Below id a case shust
- POWERCHINA Huadong Engineering Corporation Limited (HDEC) is responsible for the digital engineering of Shaoxing’s new Urban Rail Transit Line 1
- Construction of the 34.1-kilometer line in the Zhejiang province is planned to finish in June 2021, with railway operations scheduled to commence in 2022
- Real-time analysis and processing of data from multiple sources in a connected data environment is helping HDEC improve decision-making across its entire business
- Digital workflows are enabling HDEC to increase productivity, improve quality, mitigate risk, and lay the foundations of a digital twin of the railway for use in operations and maintenance
The ancient city Shaoxing, situated south of the Yangtze River in the Zhejiang province of China, has a history of more than 2,500 years. Famed for its abundant rainfall and with numerous lakes and rivers covering a 21-square-kilometer area, the city has earned the reputation of being the “Oriental Venice.”
Shaoxing’s new Urban Rail Transit Line 1 is the largest infrastructure project in the city’s history, and is of great significance due to its part in linking the cities of Hangzhou and its Metro Line 5, with Shaoxing via the Hangzhou-Shaoxing Intercity Railway.
Shaoxing Rail Transit Group entrusted Huadong Engineering Corporation Limited (HDEC) to digitally engineer the entire Line 1—including project management, overall consultation, survey, design, construction, and handover to operations and maintenance—at approximately CNY 24 billion.
However, HDEC required software that would help streamline this complex construction project. Construction of the 34.1-kilometer line is mainly underground and includes 24 stations, 25 sections, one depot, a parking lot, two main substations, and a control center. Construction commenced in 2017 and is expected to take 54 months to complete, with operations estimated to start in 2022.
HDEC needed to overcome the issues of limited underground space and complex environmental conditions, numerous technical interfaces between the multiple disciplines involved during design and construction, and governmental cooperation between departments and units from the cities of Hangzhou and Shaoxing.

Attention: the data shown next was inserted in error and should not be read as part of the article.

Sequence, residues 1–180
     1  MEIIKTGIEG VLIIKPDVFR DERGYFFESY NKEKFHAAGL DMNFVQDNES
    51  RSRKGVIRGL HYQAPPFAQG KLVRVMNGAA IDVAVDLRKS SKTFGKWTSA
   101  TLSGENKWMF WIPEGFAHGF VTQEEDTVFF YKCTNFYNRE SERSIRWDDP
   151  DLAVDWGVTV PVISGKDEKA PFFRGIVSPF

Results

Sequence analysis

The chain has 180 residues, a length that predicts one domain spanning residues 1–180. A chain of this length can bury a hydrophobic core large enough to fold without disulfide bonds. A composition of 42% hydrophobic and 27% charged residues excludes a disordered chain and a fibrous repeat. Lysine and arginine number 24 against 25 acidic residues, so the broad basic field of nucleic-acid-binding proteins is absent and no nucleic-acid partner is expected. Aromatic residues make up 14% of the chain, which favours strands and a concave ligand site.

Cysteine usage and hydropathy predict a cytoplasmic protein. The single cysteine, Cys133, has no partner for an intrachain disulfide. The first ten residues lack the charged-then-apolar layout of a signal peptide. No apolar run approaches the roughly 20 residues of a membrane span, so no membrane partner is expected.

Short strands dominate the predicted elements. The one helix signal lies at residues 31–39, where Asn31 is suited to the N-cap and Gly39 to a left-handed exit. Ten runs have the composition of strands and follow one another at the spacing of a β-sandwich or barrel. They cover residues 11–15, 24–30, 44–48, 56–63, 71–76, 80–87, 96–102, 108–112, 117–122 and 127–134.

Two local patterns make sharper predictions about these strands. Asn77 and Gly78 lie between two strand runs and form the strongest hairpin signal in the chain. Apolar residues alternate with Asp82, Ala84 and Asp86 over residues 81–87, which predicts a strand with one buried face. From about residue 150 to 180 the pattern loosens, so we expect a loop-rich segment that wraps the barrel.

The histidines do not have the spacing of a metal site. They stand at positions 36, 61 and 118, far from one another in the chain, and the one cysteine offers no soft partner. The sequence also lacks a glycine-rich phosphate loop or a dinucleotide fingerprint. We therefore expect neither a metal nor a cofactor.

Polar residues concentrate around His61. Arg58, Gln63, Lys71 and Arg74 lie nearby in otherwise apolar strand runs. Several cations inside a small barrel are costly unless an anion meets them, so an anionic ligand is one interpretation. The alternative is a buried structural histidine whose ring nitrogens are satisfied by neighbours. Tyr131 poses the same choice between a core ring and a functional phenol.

They faced complex hydrogeological conditions along the line’s corridor, where soft soil is relatively thick, meaning that they had to pay particular attention to the safety of foundation pits, long-term settlement, and water leakage during design and construction.
They also needed software to help overcome significant project planning and traffic organization challenges. The existing infrastructure conditions were complex because the railway passes through Shaoxing’s old town, featuring narrow roads with large traffic flows, river courses, 26 bridges, two railways, and cultural and historical protection zones.
Due to Shaoxing Rail Transit Line 1’s dual-function of serving commuter passengers within the city and connecting with the city of Hangzhou via the Hangzhou-Shaoxing inter-city line, technology standards and interface protocols—such as vehicle selection, operation organization, power supply division, communication networks, and signal systems—needed to cover the entire line.
Facing tight deadlines and a high level of complexity on the project, HDEC realized that it was critical for them to consider ways of improving both the efficiency and quality of design, construction, commissioning, and handover of the rail line to operations.
They knew that their previous, traditional IT consulting processes would not be enough. They needed to adopt advanced digital workflows, and a digital twins approach, applying Bentley’s open and collaborative design applications plus iTwin technology on the project.
At the outset, HDEC leveraged aerial photography within ContextCapture to create a 3D reality mesh that truly reflected the existing conditions of the city’s landscape, architecture, and road network.